(d) That appellee having known, or by the exercise of reasonable caution should have known, that plumbers and pipe fitters, including Cooper and Ramsey, solely relied upon the odor in said gas to detect the same, failed to warn or notify Lehigh Portland Cement Company or The Cherne Company, Inc., or its agents or employees, including Cooper and Ramsey, of its discontinuance of its custom and usage of odorizing said gas, and finally

(e) That appellee having known, or by the exercise of reasonable caution should have known, that plumbers and pipe fitters in the community, including Cooper and Ramsey, relied solely upon the odor in the gas to detect the same, negligently failed to notify The Cherne Company, Inc., pipe fitters, including *420 Cooper and Ramsey, on said date that said gas was not odorized.

The fourth amended second paragraph of complaint alleges injuries caused as a direct and proximate result of the above referred to negligence and certain alleged facts concerning his disability, loss of time, etc. However, for this purpose we regard it as unnecessary to make reference to such additional allegations.

Appellee filed motion to make said complaint more specific, which was finally overruled, and thereafter filed a demurrer accompanied by memorandum to said fourth amended second paragraph of complaint which, omitting the formal parts, reads as follows:

"The defendant, Indiana Gas & Water Co., Inc., demurs to the fourth amended second paragraph of complaint and for cause of demurrer alleges and says: That the fourth amended second paragraph of complaint fails to state facts sufficient to constitute a cause of action against this defendant."

The memordandum accompanying the demurrer sets forth in significant essence that the said complaint fails to allege facts sufficient at law to show that appellee breached or violated a duty owing by it to appellant, which breached or violated duty to said appellant was the proximate cause of the explosion and resulting injuries; that said pleading shows on its face that the proximate cause of the accident and resulting injuries was the act and conduct of the employees of The Cherne Company, Inc., thus creating a legal intervening act; and that any act of negligence on the part of the appellee would become a remote cause, if indeed appellee was negligent in any manner.

The trial court sustained the demurrer and upon the refusal of appellant to plead over, a judgment was rendered against appellant and in favor of appellee, resulting in this appeal. The only error assigned therein is that the trial court erred in sustaining said demurrer.

*421 Counsel for both parties have presented us with excellent briefs and pertinent oral arguments. Without extensive comment, I think we may assume that the within action is based upon allegations of negligence which would be sufficient to withstand demurrer, provided such acts of negligence were charged against the appellee by one to whom a duty is owed. After laying the groundwork of negligence on the part of appellee, appellant merely alleges that at the time of the ensuing explosion, when he was soldering seams in or on the eaves of the building involved, he was injured.

It will be noticed that the appellant has alleged no duty owing to him by the appellee.

We conclude that the rule enunciated in 21 I.L.E., pages 372, 373, Section 142, Chapter 6, under Negligence, appears to have strict application to the case at bar. It is said that:

"The complaint in an action for negligence must show the existence of a legal duty on the part of defendant to exercise care as to the person ... injured at the time and place of the injury. So, it is insufficient to allege merely that defendant negligently performed or failed to perform certain acts whereby the injury was caused, without an allegation showing defendant's duty in the matter. "In order for the pleading to be sufficient, the duty of care on the part of defendant must be shown by an allegation of facts from which the duty follows as a matter of law. It is sufficient to state facts from which the duty so arises without showing the details, and if the facts stated show a legal duty of care, an express allegation of such duty is not necessary. A mere allegation of the existence of such duty, without a statement of the facts from which it arises, is insufficient as being a mere statement of a legal conclusion." (Emphasis supplied.) See authorities thereunder cited.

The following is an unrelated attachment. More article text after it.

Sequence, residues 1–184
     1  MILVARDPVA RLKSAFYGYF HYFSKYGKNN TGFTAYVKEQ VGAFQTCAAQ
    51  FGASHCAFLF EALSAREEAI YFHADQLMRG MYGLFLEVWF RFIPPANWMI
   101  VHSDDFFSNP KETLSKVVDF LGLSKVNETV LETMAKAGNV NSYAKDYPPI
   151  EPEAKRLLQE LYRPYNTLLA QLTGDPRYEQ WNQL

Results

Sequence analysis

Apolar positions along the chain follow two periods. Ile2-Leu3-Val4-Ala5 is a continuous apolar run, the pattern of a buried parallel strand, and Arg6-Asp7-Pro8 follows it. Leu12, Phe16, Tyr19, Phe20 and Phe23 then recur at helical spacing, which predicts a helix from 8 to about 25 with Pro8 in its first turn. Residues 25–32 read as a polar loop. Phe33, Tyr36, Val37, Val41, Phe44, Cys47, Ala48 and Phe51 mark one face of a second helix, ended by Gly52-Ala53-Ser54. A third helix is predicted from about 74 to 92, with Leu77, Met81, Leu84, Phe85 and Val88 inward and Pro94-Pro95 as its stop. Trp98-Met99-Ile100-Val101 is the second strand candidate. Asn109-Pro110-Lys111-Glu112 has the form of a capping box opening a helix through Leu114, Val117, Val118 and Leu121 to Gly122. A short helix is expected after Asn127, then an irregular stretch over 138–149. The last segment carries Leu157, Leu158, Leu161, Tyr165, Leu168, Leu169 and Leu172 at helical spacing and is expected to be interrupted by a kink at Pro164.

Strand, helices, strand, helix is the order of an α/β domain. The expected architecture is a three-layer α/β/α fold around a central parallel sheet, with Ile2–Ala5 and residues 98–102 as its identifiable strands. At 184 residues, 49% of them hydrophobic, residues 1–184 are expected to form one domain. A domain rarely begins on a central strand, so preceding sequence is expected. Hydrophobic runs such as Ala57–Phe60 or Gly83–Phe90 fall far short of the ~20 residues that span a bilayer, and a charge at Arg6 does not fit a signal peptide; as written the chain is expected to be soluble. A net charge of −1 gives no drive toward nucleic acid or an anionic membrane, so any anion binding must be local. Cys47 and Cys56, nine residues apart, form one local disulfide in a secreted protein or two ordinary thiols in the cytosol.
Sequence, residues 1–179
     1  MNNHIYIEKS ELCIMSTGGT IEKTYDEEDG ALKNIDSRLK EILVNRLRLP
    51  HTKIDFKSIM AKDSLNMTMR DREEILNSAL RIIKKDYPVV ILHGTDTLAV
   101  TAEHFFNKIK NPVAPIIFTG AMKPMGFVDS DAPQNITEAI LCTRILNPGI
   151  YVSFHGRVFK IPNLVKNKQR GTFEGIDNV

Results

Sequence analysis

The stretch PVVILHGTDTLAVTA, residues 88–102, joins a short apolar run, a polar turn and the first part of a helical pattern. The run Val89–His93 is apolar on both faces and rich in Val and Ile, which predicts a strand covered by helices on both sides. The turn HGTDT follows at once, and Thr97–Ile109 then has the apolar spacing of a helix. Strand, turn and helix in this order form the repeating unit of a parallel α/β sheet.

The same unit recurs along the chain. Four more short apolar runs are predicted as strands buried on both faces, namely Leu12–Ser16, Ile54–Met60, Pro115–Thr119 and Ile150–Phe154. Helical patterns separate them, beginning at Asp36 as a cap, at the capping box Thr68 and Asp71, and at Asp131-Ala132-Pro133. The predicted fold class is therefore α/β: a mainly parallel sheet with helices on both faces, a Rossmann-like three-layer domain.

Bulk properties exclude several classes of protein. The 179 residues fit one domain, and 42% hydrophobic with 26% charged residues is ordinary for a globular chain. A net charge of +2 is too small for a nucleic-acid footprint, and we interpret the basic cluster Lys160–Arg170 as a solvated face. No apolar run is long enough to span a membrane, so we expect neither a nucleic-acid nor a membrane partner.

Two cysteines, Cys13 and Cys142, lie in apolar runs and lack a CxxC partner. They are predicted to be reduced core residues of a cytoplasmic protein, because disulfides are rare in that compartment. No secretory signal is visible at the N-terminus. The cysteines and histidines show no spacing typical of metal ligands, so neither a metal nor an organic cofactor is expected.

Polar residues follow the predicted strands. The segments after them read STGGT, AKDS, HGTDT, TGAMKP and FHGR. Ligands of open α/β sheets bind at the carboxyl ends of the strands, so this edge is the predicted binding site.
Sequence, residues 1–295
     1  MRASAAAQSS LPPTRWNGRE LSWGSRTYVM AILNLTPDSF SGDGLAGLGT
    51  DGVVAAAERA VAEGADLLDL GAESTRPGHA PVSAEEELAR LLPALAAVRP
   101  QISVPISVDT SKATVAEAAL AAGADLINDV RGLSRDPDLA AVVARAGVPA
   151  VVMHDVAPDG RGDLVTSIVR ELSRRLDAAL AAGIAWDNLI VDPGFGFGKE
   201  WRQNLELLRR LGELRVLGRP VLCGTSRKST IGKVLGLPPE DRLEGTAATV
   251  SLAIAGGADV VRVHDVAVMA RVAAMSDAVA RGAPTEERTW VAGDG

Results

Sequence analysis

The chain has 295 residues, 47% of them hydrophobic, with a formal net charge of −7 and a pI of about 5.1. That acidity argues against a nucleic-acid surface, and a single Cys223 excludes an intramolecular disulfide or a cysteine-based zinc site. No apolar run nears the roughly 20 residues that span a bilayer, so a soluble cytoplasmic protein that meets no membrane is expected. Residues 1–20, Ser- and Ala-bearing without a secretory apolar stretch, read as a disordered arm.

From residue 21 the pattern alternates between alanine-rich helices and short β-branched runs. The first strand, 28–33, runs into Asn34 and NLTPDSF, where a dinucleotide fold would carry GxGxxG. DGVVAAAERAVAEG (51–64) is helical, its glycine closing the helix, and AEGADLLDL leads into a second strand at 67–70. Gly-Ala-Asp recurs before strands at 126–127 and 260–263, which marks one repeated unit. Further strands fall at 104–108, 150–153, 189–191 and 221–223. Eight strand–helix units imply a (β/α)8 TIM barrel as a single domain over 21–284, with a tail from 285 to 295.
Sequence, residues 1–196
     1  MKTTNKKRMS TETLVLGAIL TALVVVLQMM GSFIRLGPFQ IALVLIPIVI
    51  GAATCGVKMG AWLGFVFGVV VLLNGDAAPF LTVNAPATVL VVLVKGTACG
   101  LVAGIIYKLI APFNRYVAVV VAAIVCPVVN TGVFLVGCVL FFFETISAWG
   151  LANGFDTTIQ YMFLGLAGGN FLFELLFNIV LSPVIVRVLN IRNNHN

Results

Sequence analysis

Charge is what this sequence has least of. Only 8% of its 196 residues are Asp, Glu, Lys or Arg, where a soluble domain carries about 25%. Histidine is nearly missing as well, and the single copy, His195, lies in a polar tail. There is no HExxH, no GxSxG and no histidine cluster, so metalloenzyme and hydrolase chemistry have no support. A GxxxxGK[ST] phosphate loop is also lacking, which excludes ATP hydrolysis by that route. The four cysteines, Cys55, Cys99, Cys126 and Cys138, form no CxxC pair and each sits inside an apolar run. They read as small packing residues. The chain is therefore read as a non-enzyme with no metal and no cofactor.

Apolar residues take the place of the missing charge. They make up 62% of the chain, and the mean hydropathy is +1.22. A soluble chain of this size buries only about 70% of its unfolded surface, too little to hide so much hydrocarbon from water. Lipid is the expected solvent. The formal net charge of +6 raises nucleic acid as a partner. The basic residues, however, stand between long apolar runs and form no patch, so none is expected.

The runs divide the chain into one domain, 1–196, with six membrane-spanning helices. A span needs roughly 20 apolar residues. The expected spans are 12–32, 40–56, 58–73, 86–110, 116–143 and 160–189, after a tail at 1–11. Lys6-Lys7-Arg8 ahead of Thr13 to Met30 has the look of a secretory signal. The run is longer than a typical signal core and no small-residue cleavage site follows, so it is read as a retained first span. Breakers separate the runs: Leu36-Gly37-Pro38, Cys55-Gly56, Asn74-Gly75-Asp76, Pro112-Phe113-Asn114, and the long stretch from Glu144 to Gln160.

A careful study and analysis of the complaint discloses no such allegations therein, either of facts or conclusions, which would impose any duty of appellee to appellant, and even though we were to regard the specifications of negligence alleged in the complaint sufficient to withstand demurrer, if *422 a duty were alleged by appellee to appellant, in the absence of such allegation we have no authority to overrule the trial court or to hold that the complaint, considered in its entirety, in fact does allege or show such duty.

I would affirm the judgment.

Bierly, J., concurs.

ON PETITION FOR RE-HEARING

HUNTER, J.

For a complete statment of the facts involved, see the original opinion in 218 N.E.2d 556 (1966). The question presented on this appeal is whether the appellant's complaint stated a cause of action sufficient to withstand a demurrer. The lower court sustained the appellee's demurrer, after which the appellant refused to plead over. The appellant then filed a motion for new trial which was overruled. Subsequently the appellant brought this appeal assigning the ruling on the motion for new trial as error.

The main question presented by this appeal is whether under the laws of negligence the appellee in the exercise of due care was bound to odorize the gas which it distributed and if so, was the failure to odorize the gas the proximate cause of injury to the appellant.